From the day it was announced at the Penny Arcade Expo, there has been one question on everyone's mind regarding Mighty No. 9: "Is it close enough to Mega Man that Capcom could sue Comcept?"
Courtesy of a tip from AxlTheHunter II, we've learned that IGN put that very question to Comcept founder Keiji Inafune. In response, the he stated “If I said I wasn’t worried at all, that would be a lie."
“Everybody has a freedom in creativity," he continued, "and there are a lot of people out there that have created their games out of respect towards Mega Man. So I don’t think there’s anything wrong with creating a game with a similar respect.”
IGN goes on to explain that Mighty No. 9 isn't being made to be identical to Mega Man, but as Inafune puts it, "have the same soul." As for his former employers, Inafune said “So far, there hasn’t been any contact from Capcom."
“As a matter of fact," he goes on, "I’ve been talking with some of the dev team at Capcom, [and] there are some people saying that they secretly back the project, and are rooting for Mighty No. 9.” Interesting indeed.
IGN isn't the only one with the question on their minds, though. In a rather timely edition of GameTrailers' weekly "Pach-Attack," which features Wedbush Morgan analyst Michael Pachter answering questions from viewers about the game industry, someone posed the same question, adding an inquiry of what that would mean for all the Kickstarter backers (or "Beckers," if you prefer).
Pachter's response (warning: Not Safe For Work language and Nintendo trolling abound):
For those who can't view the embedded video:
So, look... anybody who steals intellectual property is likely to get sued. If he made Mega Man for Capcom and if they own the brand, and if they own all of his work, then patterning his new work off of the same character set probably is a violation of Capcom's copyrights. Although, truthfully, this is copyright in Japan, not copyright in the U.S., and I don't know how the rules work in Japan-- probably similar, but I'm not positive.
As far as-- he's not going to copy the story, my guess is he didn't steal the code, my guess is he worked the code himself, so it's really going to be "is the character similar?"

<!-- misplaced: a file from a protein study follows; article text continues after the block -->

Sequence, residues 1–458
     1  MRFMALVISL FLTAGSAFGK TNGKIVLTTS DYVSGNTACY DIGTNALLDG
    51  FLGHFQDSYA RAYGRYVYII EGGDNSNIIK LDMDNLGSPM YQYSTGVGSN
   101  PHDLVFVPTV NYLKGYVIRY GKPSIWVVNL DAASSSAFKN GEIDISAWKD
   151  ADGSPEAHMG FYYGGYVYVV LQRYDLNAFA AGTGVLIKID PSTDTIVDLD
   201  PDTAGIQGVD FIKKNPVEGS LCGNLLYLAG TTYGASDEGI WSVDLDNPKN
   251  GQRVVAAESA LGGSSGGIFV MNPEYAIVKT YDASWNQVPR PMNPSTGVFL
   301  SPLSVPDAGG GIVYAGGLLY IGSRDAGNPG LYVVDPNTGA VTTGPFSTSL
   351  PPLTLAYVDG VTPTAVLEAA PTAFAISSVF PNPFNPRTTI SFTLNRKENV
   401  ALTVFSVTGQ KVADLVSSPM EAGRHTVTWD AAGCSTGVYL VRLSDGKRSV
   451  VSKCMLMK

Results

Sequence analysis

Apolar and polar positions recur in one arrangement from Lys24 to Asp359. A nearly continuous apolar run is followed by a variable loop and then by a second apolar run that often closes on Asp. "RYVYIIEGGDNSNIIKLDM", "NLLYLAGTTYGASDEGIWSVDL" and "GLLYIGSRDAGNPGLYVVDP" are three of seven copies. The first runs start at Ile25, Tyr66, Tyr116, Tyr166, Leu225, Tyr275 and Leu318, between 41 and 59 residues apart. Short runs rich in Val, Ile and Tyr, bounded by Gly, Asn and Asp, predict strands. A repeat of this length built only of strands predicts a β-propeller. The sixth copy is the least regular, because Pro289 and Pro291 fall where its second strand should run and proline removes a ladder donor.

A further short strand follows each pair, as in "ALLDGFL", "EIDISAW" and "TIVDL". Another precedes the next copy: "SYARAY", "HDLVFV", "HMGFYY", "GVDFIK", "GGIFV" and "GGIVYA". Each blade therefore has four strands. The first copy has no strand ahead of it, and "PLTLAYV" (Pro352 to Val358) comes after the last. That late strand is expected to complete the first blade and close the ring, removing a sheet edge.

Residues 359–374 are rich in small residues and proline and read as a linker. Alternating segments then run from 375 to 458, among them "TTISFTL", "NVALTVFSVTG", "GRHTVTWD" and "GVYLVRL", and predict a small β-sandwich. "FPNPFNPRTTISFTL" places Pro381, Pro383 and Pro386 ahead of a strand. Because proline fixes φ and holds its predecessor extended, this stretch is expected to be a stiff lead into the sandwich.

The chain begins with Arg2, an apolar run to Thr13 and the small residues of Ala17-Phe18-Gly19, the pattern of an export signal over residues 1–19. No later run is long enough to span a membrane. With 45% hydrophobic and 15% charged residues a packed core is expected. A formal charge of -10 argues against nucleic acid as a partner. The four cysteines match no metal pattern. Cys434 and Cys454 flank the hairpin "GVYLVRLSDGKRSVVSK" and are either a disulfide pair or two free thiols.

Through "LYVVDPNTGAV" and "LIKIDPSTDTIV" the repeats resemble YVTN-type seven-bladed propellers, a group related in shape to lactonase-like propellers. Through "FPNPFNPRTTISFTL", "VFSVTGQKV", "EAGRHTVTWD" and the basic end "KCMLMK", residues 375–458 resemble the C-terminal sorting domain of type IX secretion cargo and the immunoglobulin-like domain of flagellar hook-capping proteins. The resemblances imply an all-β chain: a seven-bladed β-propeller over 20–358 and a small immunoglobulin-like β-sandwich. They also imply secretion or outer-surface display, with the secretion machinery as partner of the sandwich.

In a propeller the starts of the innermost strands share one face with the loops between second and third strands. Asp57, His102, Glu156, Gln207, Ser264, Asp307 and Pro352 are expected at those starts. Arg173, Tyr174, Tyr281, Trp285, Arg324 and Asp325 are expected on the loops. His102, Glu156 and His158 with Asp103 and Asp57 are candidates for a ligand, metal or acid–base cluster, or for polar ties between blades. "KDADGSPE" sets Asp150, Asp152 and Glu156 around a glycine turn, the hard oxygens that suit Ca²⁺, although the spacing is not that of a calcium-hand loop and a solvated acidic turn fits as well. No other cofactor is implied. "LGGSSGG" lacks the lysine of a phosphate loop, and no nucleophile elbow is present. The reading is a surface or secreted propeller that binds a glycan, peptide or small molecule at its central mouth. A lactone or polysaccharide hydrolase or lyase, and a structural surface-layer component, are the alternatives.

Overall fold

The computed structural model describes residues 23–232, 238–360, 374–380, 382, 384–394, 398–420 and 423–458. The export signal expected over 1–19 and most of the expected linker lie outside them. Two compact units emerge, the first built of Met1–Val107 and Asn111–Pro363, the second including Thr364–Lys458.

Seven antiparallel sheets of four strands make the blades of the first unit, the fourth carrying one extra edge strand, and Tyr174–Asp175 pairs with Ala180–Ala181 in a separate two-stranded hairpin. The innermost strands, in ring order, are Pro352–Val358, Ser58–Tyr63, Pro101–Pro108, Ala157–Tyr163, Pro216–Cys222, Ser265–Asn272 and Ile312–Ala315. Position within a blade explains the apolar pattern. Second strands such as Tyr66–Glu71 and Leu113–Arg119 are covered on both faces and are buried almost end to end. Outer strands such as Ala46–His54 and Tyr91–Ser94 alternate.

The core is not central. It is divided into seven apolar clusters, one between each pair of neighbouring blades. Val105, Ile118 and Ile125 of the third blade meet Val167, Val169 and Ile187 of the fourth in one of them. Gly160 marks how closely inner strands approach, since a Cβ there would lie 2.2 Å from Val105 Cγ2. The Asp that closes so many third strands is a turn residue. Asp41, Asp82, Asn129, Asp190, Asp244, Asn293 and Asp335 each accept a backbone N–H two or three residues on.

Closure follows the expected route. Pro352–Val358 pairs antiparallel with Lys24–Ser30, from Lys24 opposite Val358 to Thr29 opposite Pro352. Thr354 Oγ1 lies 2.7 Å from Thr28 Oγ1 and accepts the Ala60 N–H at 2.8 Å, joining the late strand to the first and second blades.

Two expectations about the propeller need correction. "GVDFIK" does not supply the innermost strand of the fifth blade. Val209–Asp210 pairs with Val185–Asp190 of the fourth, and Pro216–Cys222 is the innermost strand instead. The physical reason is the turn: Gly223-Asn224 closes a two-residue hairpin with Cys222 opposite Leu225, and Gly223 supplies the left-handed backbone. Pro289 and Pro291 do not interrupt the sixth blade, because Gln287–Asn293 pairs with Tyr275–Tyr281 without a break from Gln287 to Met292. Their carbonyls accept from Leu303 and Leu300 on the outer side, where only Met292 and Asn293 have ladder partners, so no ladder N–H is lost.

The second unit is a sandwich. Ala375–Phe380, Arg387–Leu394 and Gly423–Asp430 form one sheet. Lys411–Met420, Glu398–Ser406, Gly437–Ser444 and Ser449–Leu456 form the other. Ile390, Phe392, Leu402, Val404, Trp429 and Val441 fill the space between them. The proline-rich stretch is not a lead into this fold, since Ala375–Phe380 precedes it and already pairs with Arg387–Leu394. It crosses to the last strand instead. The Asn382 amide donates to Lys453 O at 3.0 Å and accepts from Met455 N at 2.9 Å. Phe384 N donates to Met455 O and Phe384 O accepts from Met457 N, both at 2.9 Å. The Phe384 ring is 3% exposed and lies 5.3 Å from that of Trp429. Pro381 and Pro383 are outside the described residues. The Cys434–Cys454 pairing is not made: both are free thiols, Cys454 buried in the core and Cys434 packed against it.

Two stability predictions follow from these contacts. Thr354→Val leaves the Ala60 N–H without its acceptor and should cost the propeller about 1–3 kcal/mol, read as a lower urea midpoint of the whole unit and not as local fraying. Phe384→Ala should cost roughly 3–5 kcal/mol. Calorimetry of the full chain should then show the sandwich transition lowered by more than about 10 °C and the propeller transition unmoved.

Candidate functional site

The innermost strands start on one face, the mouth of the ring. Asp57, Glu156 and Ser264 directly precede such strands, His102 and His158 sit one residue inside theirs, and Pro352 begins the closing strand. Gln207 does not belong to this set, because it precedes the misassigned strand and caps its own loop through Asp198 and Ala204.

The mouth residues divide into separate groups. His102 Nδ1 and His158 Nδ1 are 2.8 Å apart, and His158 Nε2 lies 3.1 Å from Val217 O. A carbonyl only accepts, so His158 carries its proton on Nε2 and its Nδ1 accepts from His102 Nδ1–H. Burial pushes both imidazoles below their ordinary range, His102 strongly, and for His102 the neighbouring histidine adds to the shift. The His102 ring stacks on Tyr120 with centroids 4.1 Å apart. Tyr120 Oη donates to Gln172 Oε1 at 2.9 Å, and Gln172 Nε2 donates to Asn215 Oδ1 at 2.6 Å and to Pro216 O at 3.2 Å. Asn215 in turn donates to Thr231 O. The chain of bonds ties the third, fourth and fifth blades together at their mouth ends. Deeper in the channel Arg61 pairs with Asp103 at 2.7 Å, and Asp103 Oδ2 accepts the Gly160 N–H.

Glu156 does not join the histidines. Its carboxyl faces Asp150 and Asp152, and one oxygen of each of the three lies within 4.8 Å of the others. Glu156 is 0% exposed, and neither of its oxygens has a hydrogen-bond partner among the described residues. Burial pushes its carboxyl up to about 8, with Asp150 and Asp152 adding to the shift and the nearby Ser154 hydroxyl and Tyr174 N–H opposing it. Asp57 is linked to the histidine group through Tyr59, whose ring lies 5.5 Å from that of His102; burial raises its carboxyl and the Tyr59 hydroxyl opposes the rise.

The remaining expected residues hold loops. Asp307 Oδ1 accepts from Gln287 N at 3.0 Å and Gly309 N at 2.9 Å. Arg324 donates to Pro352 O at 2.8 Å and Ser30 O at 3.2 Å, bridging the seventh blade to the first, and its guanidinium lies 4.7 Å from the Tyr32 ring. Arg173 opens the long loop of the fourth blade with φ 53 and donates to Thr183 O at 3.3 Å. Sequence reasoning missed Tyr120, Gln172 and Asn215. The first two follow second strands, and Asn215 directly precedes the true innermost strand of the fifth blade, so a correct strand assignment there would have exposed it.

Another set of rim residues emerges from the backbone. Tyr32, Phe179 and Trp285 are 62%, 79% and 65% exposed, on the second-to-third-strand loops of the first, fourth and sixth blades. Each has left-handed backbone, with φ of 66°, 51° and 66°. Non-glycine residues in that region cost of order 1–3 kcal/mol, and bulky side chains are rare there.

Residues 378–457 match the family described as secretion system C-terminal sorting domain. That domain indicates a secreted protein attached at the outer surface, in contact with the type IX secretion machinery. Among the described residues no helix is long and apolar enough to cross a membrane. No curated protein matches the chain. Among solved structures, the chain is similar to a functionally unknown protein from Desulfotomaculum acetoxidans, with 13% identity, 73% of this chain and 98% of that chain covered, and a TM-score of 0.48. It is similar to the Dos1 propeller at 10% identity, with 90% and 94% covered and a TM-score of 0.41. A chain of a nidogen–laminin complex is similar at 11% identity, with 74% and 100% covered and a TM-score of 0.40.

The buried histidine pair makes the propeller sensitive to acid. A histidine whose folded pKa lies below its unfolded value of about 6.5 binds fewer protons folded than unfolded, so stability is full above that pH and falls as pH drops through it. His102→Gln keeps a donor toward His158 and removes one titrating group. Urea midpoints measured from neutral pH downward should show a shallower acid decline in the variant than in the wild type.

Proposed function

We had a case in the U.S. that has been in the courts forever, and it's gone both ways, which is Bratz dolls, which were supposedly a rip-off of Mattel's Barbie. The guy who created the Bratz doll drew the drawings as he was sitting as an employee at Mattel, and I think he did it on his lunch hour, but he did it on their paper, he was being paid, and he signed a contract stating that anything he created while in their employ, they owned...
So, Mattel first won the lawsuit-- they got billions of dollars in damages, then that got reversed on appeal, because they said he did it in his spare time, and the damage was wrong, and I don't even know where it stands now.
It's hard to prove that somebody ripped something off; if this guy looks like Mega Man, if he's got the little jet suit and he's got the same colors, the same big eyes and whatever... maybe, I don't know.
After a brief aside noting that he found the Mega Man games too hard and never really played them very much, he returns to the question:
The Kickstarter backers? You're going to get nothing. So if you gave the guy fifty bucks and [Capcom] wins? They get an injunction against his putting the game out? You get squat, you get nothing, and my guess is your fifty bucks is used on legal fees, so you get nothing.
So the answer is, "don't back people unless you think they have original ideas." Because if they're ripping somebody off, you're not getting anything for your money.
Granted, Michael Pachter is regarded... well, in many different ways throughout the game community and industry, to say the least. The main reason we're posting his thoughts here are because he did raise an interesting point with the Bratz precedent.
What's more, while we do see some distinct differences between Mega Man and Mighty No. 9, it's going to be up to the courts to determine if that is enough, should it ever come to that. It's enough to make you wonder if doing things such as potentially modeling Call so closely to Roll is such a good idea in the long run, and what damage it could possibly do should Capcom decide to flex it's legal muscle later on. That may be something you should keep in mind when casting your vote.